This was a refreshing drink – not too sweet and a fun pink color which the kids loved.  The great thing about rhubarb is it’s high in vitamin C so if you simmer it at a low temperature you maintain much of that nutritional profile.  This would be great served with some lemon verbena leaves frozen in ice cubes, or added to the fruit when you stewed it.  Lemon verbena is one of those plants with magical sweetening qualities like angelica.  If you add it to fruits or pies it will reduce the amount of sugar you need.

I also froze some of this into popsicle forms.  The kids (even my super picky toddler) loved them.  I plan to make up a big batch of the rhubarb juice and freeze it so we can enjoy this long after rhubarb season has ended.  It beats that nasty chemical-laden pink lemonade concentrate any day!  I wonder if we set up a roadside stand selling rhubarb fizz – do you think people would stop?

20 Responses to Homemade Rhubarb Soda

  1. This sounds great! I’m always looking for new ways to use rhubarb.

  2. Wow – I love this column. Keep up the posts. You are an inspiration to all of us aspiring urban abundancinistas!

    • Thanks Sean! I have more rhubarb recipes to post but last week flew by. We’ll be making a pie shortly and making more rhubarb juice to freeze for the summer since lemons are not in season any longer. Next up though, sweet woodruff soda…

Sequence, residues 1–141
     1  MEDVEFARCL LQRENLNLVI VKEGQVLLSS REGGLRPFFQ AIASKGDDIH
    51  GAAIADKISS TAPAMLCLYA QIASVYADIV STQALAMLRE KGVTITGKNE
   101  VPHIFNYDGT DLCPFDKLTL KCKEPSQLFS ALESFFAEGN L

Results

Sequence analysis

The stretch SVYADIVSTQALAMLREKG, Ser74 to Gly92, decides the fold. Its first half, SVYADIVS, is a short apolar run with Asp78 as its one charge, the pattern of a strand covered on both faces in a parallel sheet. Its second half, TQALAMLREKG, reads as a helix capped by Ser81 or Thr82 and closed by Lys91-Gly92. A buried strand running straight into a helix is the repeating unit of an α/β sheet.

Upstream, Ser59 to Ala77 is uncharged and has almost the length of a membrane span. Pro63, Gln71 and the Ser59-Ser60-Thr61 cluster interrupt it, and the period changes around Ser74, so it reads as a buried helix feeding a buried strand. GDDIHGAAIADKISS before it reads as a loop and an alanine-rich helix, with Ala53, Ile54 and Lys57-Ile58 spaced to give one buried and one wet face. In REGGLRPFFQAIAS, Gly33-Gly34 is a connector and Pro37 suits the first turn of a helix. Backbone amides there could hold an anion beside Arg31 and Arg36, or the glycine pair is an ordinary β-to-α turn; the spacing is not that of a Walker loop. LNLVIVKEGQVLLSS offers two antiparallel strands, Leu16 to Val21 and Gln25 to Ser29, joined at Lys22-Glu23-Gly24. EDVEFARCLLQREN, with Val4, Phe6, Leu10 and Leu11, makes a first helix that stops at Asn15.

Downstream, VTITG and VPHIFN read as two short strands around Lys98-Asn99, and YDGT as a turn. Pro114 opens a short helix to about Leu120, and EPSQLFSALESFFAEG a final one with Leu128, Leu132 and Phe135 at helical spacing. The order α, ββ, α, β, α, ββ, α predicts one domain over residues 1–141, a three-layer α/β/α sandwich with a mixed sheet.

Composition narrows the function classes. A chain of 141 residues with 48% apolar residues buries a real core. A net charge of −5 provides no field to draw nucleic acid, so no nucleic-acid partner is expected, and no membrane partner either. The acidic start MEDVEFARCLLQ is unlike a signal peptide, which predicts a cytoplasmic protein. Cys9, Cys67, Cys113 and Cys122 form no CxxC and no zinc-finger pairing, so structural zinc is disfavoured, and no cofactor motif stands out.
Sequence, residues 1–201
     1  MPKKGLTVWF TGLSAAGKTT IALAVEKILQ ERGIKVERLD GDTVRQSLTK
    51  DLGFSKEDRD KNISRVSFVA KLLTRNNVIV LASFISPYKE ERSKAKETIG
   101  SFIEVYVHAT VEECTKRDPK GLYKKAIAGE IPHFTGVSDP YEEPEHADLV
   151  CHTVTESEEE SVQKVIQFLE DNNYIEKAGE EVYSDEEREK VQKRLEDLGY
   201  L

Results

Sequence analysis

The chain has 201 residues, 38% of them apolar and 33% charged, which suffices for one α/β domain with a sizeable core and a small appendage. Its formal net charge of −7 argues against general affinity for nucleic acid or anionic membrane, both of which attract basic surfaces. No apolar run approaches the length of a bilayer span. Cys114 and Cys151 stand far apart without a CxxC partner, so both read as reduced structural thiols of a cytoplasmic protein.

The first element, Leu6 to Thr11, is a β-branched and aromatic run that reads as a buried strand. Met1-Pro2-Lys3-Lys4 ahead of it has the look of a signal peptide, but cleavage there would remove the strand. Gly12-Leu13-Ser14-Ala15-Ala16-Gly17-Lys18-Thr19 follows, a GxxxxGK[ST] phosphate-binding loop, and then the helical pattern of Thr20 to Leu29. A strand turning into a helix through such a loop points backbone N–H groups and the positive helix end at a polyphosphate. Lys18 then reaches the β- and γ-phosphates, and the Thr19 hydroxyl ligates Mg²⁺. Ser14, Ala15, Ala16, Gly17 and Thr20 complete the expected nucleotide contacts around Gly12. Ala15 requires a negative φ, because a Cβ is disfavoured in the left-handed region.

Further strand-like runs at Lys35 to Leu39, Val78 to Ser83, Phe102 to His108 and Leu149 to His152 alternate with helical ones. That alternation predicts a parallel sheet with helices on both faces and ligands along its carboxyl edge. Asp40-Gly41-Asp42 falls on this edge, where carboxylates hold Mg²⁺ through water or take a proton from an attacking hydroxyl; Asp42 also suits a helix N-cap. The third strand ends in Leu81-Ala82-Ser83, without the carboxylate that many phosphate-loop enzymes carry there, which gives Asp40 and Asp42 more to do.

3. Pingback: Product Spotlight - Pomona Pectin

  4. Pingback: Garden Update

  5. Hell Yeah! I’d stop!!!

    Thanks for this blog!

    What are your thoughts on using actual probiotics to seed the ginger ferment starter rather than leaving it up to chance / moldy creatures…?

    Also, any sugar crystals? Really? Even Bleached?

    I guess Sucanat and such would add too much flavor?

    I’m a big fan of Agave or Xylitol to trick out the bad bacteria…

    Or just old fashioned dehydrated cane juice…


  6. Lawrence, I don’t think adding probiotics could hurt, or whey for that matter although I’ve never done it. I do know someone who uses them to do their fermented veggies so they get by with less salt so in theory it should work. I’d love to hear though because I do know a few folks whose bug has gone moldy although that’s never happened to me.

    The bug needs sugar to grow and sucanat would overpower it but if you were making something like apricot or cherry that might be yummy. I don’t think xylitol would feed it but agave might. I think there was some discussion in that original link about which types of sugar work. I know honey does not because of the antibacterial properties of the honey destroying the good beasties in the bug.

    Cane juce would work great, I just use organic sugar (from cane).

    I’d love to hear any reports back on how it goes for you!

    • I have successfully used honey in wild-fermented sodas. The ferment took the same time to appear active as when I used refined cane sugar. The honey was raw and from a local apiary, so still had active antibacterial enzymes but they didn’t seem to interfere. The taste was very different though, more sour and intense.
      People have been making wild-yeasted mead for several thousand years, so I shouldn’t think that there is a high rate of the honey killing the yeast.